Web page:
All-Star Shame? Hype And Methods Invite Cynicism

Lenny KosteckiCorrespondent IApril 23, 2009

NEW YORK - JULY 15:  (L-R) National League All-Star Albert Pujols #5 of the St. Louis Cardinals, former MLB player Paul Molitor of the Milwaukee Brewers and American League All-Star Milton Bradley #21 of the Texas Rangers look on prior to the 79th MLB All-Star Game at Yankee Stadium on July 15, 2008 in the Bronx borough of New York City.  (Photo by Jim McIsaac/Getty Images)

It may not be All-Star Game time quite yet, but the winding fuse of hype has been lit.

Ticket lottery. Schedule of events. Voting. The mid-summer classic is an event involving a euphoric overdose of sunshine and hot dogs for baseball fans, but all its fever can invite a nasty bug of cynicism.

And I should include myself here as far as being a fan soaking in all the guilty trappings, especially since the event is being held in my hometown for the first time since the Johnson administration. This breezy little fact really flashes across the coals and causes my first embers of cynicism to smolder.

Considered by many to be one of the premier baseball towns, why has it taken so long for this flagship event of MLB to find its way back to a flagship baseball hotbed like St. Louis?

It seems MLB lost its key to the gate of the Gateway City and
hasn’t been too worried about locating a locksmith. I understand the city of St. Louis has had something to do with this lack of appearances, but 43 years? That’s nine presidents!

And speaking of presidents, let’s talk about the almighty dollar and its influence on fans for game day. The lottery for ’09 All-Star game tickets unfolds today. Depending on which camp you rely on for facts, available seats for Joe Fan (and his limited budget) vary.

In the camp with a fire that burns intensely hot (and usually involves fans wearing well-worn jerseys soiled by mustard), the number batted about is 3 percent. That percentage signifies the number of available seats for your typical fan—3 percent…out of 100 percent.

In the camp with more smoke than fire (anything involved with the business end of MLB), the more popular number is two-thirds, as in two-thirds of Busch Stadium will be devoted to your true-blue, run-of-the-mill fans.

I don’t know whom to believe.

I have yet to hear a concrete definition for “fans,” but my BS detector starts pinging wildly at any definition that includes the term “common man” and excludes any mention of a sport coat-wearing ticket holder who is willing to purchase an over-priced keepsake come game day.

On another cynicism front, voting has already kicked off for the ’09 All-Star Game. The season is in its infancy, and people are already filling out ballots?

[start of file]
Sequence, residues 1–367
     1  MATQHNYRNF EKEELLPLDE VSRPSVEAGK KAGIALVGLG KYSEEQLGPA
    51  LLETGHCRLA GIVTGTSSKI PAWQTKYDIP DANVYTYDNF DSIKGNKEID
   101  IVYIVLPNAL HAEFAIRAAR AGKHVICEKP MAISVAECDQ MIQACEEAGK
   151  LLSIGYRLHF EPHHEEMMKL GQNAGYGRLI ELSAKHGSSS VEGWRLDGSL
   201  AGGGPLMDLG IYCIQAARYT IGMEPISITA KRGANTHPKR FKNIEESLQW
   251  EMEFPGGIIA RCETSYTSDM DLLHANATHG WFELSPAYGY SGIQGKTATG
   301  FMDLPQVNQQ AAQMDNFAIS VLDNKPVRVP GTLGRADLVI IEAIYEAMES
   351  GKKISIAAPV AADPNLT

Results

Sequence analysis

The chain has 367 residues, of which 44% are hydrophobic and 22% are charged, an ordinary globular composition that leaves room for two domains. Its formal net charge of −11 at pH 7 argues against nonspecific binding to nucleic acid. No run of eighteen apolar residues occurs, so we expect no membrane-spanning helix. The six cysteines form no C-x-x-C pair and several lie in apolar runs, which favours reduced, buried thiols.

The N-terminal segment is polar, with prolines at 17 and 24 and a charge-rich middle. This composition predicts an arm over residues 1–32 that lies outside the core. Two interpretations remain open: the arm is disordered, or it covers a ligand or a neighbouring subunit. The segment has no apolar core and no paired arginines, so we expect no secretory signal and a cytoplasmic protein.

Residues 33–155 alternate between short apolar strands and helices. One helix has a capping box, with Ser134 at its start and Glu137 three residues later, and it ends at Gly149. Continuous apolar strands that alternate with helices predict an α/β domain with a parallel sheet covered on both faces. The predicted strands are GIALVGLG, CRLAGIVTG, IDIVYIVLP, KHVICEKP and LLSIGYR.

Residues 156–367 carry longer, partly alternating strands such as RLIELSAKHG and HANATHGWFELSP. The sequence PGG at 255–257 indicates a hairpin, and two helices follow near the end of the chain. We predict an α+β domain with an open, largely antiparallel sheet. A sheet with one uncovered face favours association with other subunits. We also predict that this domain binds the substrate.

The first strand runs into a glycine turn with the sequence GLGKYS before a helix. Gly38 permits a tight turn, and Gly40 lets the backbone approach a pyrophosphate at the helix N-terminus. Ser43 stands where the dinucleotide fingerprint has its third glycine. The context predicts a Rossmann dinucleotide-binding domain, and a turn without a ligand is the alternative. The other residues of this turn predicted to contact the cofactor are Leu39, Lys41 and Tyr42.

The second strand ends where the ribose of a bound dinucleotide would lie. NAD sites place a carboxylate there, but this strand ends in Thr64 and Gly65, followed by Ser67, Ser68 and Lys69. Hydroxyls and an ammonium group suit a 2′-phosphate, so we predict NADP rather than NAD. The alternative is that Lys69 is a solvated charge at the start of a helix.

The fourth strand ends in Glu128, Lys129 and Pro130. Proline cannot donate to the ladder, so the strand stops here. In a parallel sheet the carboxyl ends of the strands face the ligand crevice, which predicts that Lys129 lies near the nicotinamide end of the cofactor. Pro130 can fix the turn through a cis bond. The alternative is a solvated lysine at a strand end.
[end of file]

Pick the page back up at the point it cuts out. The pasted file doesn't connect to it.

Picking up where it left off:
How could All-Star caliber possibly be detected at this point? Can three weeks worth of stats point to a season worthy of mid-summer glory? Three weeks is a hot streak, not an All-Star season.

Is the voting process getting it right?  I hear arguments from both sides that make sense to me.

Some say baseball people should be choosing sides.

Now if your idea of a midsummer classic is to watch the players having the best season, no matter their names or legacies, then this idea floats. After all, it is supposed to be the best pitted against the best, a real field of all-star talent, no matter the name on the jersey.

But can an All-Star be like a one-hit wonder in the field of music, where the talent burns hot for a short time and then fades?

Perhaps our definition of an All-Star isn’t fine-tuned.

I can easily guarantee A-Rod will collect a multitude of early votes…even though he has yet to play a single 2009 inning. Is he having an all-star season, or is he just a perennial all-star?

Do star-struck fans want to see a galaxy of shooting stars or established planets?

If the All-Star Game is indeed a showcase of talent for fans to enjoy, why shouldn’t they be the voices behind who is showcased?

Had I been around during Ruth’s day, you can be damn sure I’d have voted for him, even as his career faltered. Hell, he could’ve swung a cane and made me giggle like a schoolgirl.

I’m just saying, every chance I get to see a legend is one I’ll eagerly embrace.

I don’t care if the guy is hitting his shoe size, if there’s a chance of a magical moment taking place on a hot July night, I’m on board. See game MVP Cal Ripken, 2001.

Could we have fans pick nine starters for each league and allow the managers/players to pick the rest of the rosters? Would that be a compromise swallowed by both camps? Just ballpark food for thought.

I’ll climb down from my hot box now.

If I’ve poisoned the waters that quench your all-star fever, I do apologize. I admit to being a cynic when it comes to MLB. On a more optimistic note, I’ll very likely be watching the 80th edition of this reality show come July 14.

I wonder, could they create a hologram of The Babe and allow him to pinch-hit?

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